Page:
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Markov Chain Models - Rarity and Exponentiality

by Keilson, Julian A

Markov Chain Models - Rarity and Exponentiality cover
  • ISBN: 9780387904054
  • ISBN10: 0387904050

Markov Chain Models - Rarity and Exponentiality

by Keilson, Julian A

  • List Price: $119.00
  • Binding: Hardcover
  • Publisher: Springer-Verlag
  • Publish date: 04/01/1979
  • ISBN: 9780387904054
  • ISBN10: 0387904050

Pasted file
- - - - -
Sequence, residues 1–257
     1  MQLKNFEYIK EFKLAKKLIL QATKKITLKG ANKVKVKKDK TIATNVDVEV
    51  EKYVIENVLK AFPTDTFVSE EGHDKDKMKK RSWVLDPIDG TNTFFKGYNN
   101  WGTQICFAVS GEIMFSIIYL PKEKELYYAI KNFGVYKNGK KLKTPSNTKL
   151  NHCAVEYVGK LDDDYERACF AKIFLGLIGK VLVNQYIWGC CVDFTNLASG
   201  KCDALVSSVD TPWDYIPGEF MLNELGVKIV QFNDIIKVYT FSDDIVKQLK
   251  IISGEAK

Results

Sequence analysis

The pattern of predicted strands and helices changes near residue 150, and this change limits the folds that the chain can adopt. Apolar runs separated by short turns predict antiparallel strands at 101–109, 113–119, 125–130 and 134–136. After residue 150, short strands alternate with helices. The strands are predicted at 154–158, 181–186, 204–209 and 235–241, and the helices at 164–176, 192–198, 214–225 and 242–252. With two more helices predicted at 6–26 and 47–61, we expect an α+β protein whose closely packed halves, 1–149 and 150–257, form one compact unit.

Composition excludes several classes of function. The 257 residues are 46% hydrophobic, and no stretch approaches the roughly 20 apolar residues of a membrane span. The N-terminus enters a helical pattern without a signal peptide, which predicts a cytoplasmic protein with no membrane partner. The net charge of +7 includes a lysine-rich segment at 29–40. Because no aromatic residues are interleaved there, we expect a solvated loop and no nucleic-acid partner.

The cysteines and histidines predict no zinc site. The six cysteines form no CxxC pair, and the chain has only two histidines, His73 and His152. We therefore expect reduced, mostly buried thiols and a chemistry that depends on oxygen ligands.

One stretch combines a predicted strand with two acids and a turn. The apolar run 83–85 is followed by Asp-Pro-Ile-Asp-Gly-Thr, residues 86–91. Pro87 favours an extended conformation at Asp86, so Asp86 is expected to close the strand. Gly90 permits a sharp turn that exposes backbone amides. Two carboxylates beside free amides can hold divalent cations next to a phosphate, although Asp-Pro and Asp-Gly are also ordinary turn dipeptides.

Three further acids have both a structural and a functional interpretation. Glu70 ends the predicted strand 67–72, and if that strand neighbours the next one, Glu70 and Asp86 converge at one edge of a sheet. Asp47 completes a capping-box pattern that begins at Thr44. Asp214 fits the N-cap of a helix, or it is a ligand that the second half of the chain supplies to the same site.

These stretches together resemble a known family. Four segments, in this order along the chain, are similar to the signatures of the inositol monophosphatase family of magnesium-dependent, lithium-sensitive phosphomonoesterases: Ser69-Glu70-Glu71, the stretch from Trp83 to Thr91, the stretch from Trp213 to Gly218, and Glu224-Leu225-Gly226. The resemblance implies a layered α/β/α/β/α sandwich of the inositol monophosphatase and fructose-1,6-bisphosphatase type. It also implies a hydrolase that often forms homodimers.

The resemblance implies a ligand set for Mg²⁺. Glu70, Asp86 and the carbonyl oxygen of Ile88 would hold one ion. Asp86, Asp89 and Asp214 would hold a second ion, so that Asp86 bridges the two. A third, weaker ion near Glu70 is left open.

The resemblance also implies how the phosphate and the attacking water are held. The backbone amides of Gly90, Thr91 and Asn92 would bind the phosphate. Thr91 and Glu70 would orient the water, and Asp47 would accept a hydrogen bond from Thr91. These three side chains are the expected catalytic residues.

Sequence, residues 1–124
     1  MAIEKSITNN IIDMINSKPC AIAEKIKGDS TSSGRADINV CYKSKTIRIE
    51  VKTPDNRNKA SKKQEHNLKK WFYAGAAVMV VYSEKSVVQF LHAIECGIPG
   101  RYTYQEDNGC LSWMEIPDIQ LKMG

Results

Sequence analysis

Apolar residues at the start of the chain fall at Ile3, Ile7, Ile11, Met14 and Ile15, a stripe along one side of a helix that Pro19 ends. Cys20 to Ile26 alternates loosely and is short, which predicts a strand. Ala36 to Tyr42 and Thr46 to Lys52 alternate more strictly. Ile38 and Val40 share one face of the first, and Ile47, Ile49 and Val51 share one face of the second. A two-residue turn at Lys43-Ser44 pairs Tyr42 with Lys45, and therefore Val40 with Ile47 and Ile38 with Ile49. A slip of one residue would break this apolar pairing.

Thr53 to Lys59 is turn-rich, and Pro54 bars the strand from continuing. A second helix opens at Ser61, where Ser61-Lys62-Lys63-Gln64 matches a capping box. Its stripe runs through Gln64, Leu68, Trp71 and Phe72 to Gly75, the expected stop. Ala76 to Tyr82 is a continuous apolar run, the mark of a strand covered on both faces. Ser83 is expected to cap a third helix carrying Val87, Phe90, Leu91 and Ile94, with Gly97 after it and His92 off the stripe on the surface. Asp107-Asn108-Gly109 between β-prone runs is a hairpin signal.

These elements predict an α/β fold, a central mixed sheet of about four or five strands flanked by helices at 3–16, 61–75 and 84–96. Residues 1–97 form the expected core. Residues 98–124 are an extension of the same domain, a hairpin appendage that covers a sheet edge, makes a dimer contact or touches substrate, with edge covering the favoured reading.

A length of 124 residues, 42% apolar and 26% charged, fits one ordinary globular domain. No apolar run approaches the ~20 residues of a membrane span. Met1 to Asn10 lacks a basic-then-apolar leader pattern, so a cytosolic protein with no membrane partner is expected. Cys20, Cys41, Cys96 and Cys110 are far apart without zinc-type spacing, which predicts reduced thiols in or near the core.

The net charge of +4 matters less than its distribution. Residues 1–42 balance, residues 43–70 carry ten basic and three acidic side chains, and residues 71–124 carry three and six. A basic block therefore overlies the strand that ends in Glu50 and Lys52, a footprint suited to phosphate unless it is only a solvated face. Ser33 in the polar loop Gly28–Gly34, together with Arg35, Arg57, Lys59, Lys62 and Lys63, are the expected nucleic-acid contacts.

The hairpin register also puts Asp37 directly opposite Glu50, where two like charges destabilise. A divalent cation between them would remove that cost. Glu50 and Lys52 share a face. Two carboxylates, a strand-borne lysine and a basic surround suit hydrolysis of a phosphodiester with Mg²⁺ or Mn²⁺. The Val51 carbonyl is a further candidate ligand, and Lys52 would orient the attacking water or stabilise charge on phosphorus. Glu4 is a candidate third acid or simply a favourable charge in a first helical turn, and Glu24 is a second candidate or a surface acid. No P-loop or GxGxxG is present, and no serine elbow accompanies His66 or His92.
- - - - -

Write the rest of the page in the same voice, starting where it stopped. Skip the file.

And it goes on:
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Description: 0. Introduction and Summary.- 1. Discrete Time Markov Chains; Reversibility in Time.- 1.00. Introduction.- 1.0. Notation, Transition Laws.- 1.1. Irreducibility, Aperiodicity, Ergodicity; Stationary Chains.- 1.2. Approach to Ergodicity; Spectral Structure, Perron-Romanovsky-Frobenius Theorem.- 1.3. Time-Reversible Chains.- 2. Markov Chains in Continuous Time; Uniformization; Reversibility.- 2.00. Introduction.- 2.0. Notation, Transition Laws; A Review.- 2.1. Uniformizable Chains -- A Bridge Between Discrete and Continuous Time Chains.- 2.2. Advantages and Prevalence of Uniformizable Chains.- 2.3. Ergodicity for Continuous Time Chains.- 2.4. Reversibility for Ergodic Markov Chains in Continuous Time.- 2.5. Prevalence of Time-Reversibility.- 3. More on Time-Reversibility; Potential Coefficients; Process Modification.- 3.00. Introduction.- 3.1. The Advantages of Time-Reversibility.- 3.2. The Spectral Representation.- 3.3. Potentials; Spectral Representation.- 3.4. More General Time-Reversible Chains.- 3.5. Process Modifications Preserving Reversibility.- 3.6. Replacement Processes.- 4. Potential Theory, Replacement, and Compensation.- 4.00. Introduction.- 4.1. The Green Potential.- 4.2. The Ergodic Distribution for a Replacement Process.- 4.3. The Compensation Method.- 4.4. Notation for the Homogeneous Random Walk.- 4.5. The Compensation Method Applied to the Homogeneous Random Walk Modified by Boundaries.- 4.6. Advantages of the Compensation Method. An Illustrative Example.- 4.7. Exploitation of the Structure of the Green Potential for the Homogeneous Random Walk.- 4.8. Similar Situations.- 5. Passage Time Densities in Birth-Death Processes; Distribution Structure.- 5.00. Introduction.- 5.1. Passage Time Densities for Birth-Death Processes.- 5.2. Passage Time Moments for a Birth-Death Process.- 5.3. PF?, Complete Monotonicity, Log-Concavity and Log-Convexity.- 5.4. Complete Monotonicity and Log-Convexity.- 5.5. Complete Monotonicity in Time-Reversible Processes.- 5.6. Some Useful Inequalities for the Families CM and PF'.- 5.7. Log-Concavity and Strong Unimodality for Lattice Distributions.- 5.8. Preservation of Log-Concavity and Log-Convexity under Tail Summation and Integration.- 5.9. Relation of CM and PF? to IFR and DFR Classes in Reliability.- 6. Passage Times and Exit Times for More General Chains.- 6.00. Introduction.- 6.1. Passage Time Densities to a Set of States.- 6.2. Mean Passage Times to a Set via the Green Potential.- 6.3. Ruin Probabilities via the Green Potential.- 6.4. Ergodic Flow Rates in a Chain.- 6.5. Ergodic Exit Times, Ergodic Sojourn Times, and Quasi-Stationary Exit Times.- 6.6. The Quasi-Stationary Exit Time. A Limit Theorem.- 6.7. The Connection Between Exit Times and Sojourn Times. A Renewal Theorem.- 6.8. A Comparison of the Mean Ergodic Exit Time and Mean Ergodic Sojourn Time for Arbitrary Chains.- 6.9. Stochastic Ordering of Exit Times of Interest for Time-Reversible Chains.- 6.10. Superiority of the Exit Time as System Failure Time; Jitter.- 7. The Fundamental Matrix, and Allied Topics.- 7.00. Introduction.- 7.1. The Fundamental Matrix for Ergodic Chains.- 7.2. The Structure of the Fundamental Matrix for Time-Reversible Chains.- 7.3. Mean Failure Times and Ruin Probabilities for Systems with Independent Markov Components and More General Chains.- 7.4. Covariance and Spectral Density Structure for Time-Reversible Processes.- 7.5. A Central Limit Theorem.- 7.6. Regeneration Times and Passage Times-Their Relation For Arbitrary Chains.- 7.7. Passage to a Set with Two States.- 8. Rarity and Exponentiality.- 8.0. Introduction.- 8.1. Passage Time Density Structure for Finite Ergodic Chains; the Exponential Approximation.- 8.2. A Limit Theorem for Ergodic Regenerative Processes.- 8.3. Prototype Behavior: Birth-Death Processes; Strongly Stable Systems.- 8.4. Limiting Behavior of the Ergodic and Quasi-stationary Exit Time Densities and Sojourn Time Densities for Birth-Death Processes.- 8.5. Limit Behavior of Other Exit Times for More General Chains.- 8.6. Strongly Stable Chains, Jitter; Estimation of the Failure Time Needed for the Exponential Approximation.- 8.7. A Measure of Exponentiality in the Completely Monotone Class of Densities.- 8.8. An Error Bound for Departure from Exponentiality in the Completely Monotone Class.- 8.9. The Exponential Approximation for Time-Reversible Systems.- 8.10. A Relaxation Time of Interest.- 9. Stochastic Monotonicity.- 9.00. Introduction.- 9.1. Monotone Markov Matrices and Monotone Chains.- 9.2. Some Monotone Chains in Discrete Time.- 9.3. Monotone Chains in Continuous Time.- 9.4. Other Monotone Processes in Continuous Time.- References.
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